Dr Anwar Alackal Ismail is a Fellow of the Royal Australian College of General
Practitioners (RACGP) and Fellow of the Royal New Zealand College of General
Practitioners (RNZCGP), which indicates that he has met the high standards of
education and training set by these organizations. Being a Fellow of RACGP and
RNZCGP is an indication of his knowledge and expertise in the field of general
practice, including skin cancer medicine and surgery.
The Skin Cancer College Australasia (SCCA) is a reputable organization that provides education and training in the detection, diagnosis, and management of skin cancer. Completing an advanced clinical certificate in dermoscopy from the SCCA demonstrates that Dr. Anwar Alackal Ismail has achieved a high level of expertise in the use of dermoscopy for the detection and diagnosis of skin cancer. It would be considered as a valuable professional achievement for Dr. Anwar Alackal Ismail and is recognized by his colleagues and patients. He is also an accredited doctor of Skin Cancer College of Australasia, which further confirms his expertise in skin cancer medicine and surgery. His special interests in skin cancer medicine and surgery, non-surgical cosmetic injectables and procedures, also demonstrate his dedication and commitment to providing high-quality care to his patients.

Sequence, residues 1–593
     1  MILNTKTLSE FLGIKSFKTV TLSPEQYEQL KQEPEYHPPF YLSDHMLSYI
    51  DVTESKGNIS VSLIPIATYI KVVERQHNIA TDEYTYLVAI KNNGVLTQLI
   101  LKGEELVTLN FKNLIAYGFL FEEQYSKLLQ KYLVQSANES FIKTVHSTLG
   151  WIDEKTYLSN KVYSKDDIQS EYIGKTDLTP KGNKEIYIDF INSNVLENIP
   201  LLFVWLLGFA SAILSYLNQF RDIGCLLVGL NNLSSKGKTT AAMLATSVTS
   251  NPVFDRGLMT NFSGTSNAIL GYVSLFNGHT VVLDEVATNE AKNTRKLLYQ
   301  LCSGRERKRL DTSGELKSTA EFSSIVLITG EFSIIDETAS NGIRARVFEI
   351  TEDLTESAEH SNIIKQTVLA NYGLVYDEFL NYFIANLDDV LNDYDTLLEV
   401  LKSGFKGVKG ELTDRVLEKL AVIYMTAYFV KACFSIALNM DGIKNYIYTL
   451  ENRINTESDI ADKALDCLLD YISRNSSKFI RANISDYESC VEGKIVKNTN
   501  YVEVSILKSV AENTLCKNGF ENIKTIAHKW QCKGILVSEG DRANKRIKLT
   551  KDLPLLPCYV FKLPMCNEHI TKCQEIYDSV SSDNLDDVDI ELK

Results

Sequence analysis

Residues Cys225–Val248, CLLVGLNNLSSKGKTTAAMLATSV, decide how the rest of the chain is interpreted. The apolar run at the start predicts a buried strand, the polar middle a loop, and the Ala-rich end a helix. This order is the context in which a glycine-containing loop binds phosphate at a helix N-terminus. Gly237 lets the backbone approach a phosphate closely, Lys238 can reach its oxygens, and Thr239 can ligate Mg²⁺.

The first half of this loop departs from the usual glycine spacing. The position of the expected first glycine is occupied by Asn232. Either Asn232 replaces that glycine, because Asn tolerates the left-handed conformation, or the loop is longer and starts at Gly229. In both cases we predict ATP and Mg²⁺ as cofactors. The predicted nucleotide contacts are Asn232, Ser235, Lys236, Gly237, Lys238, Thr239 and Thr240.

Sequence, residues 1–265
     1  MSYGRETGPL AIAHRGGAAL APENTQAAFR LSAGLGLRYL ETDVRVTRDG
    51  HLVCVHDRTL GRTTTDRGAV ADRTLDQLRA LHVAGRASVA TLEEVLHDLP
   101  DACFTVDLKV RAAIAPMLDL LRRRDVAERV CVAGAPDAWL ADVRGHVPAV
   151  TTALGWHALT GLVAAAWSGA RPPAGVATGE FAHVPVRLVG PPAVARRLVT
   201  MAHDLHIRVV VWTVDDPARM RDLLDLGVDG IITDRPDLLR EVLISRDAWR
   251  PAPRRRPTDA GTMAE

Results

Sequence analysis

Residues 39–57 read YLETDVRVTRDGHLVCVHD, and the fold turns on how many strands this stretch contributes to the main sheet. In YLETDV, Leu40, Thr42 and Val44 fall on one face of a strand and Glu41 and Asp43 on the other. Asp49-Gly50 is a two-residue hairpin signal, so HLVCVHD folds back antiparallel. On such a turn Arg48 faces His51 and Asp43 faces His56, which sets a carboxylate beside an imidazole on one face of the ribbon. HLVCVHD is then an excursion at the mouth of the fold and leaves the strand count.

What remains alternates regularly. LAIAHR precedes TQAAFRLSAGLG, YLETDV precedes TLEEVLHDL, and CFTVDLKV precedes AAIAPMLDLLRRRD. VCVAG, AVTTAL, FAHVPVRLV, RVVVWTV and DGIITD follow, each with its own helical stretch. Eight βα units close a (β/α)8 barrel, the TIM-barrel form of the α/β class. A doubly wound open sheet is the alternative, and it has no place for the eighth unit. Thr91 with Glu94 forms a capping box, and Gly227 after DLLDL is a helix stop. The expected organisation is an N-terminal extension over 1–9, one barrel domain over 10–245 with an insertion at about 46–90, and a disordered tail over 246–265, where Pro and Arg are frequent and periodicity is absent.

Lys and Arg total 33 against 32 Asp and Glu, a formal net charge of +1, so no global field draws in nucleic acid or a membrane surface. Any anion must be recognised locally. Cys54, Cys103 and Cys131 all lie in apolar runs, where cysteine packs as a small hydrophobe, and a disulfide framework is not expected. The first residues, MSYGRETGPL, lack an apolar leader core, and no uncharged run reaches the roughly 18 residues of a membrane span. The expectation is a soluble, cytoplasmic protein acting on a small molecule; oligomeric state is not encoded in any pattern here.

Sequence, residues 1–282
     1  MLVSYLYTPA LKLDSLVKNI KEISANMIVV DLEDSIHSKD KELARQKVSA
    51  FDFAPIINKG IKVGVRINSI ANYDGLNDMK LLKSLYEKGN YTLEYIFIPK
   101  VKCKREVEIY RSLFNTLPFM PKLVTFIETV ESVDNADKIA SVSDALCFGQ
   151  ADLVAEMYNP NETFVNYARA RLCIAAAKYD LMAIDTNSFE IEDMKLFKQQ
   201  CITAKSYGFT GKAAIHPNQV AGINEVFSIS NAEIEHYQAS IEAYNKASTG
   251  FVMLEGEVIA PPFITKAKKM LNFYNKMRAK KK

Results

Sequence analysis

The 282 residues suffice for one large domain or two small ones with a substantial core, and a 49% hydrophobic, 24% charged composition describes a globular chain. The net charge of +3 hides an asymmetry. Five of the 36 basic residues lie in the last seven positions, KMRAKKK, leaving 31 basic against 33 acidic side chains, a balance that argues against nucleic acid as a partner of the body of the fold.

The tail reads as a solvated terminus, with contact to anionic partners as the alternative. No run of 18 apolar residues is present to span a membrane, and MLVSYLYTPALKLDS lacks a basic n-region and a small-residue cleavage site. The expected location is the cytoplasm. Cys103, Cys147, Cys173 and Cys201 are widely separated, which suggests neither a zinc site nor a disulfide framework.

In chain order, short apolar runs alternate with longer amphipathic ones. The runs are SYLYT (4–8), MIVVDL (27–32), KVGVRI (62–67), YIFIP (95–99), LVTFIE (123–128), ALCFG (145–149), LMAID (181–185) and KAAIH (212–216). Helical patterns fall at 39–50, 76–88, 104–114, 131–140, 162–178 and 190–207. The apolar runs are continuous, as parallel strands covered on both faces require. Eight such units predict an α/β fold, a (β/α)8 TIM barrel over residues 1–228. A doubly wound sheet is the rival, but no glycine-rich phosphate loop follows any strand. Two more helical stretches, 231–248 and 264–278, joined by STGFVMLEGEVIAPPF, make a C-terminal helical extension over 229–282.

Dr Anwar Alackal Ismail is the Medical Director of Niz Cosmetic and Laser Clinic located in Mermaid Beach, Gold coast, Australia. He provides variety of services to his patient, including skin cancer diagnosis and treatment, non-surgical cosmetic procedures, laser treatments and general skin care.
Skin cancer is the most common form of cancer, and early detection and treatment are essential for the best outcome. NiZ cosmetic and laser clinic offer the following services:
- Skin exams and screenings to check for signs of skin cancer
- Biopsies to remove a small sample of suspicious skin tissue for examination under a microscope
- Treatment options such as surgery, cryotherapy and topical medications
- Follow-up care and monitoring for patients who have had treatment for skin cancer
- Education and resources for sun safety and skin cancer prevention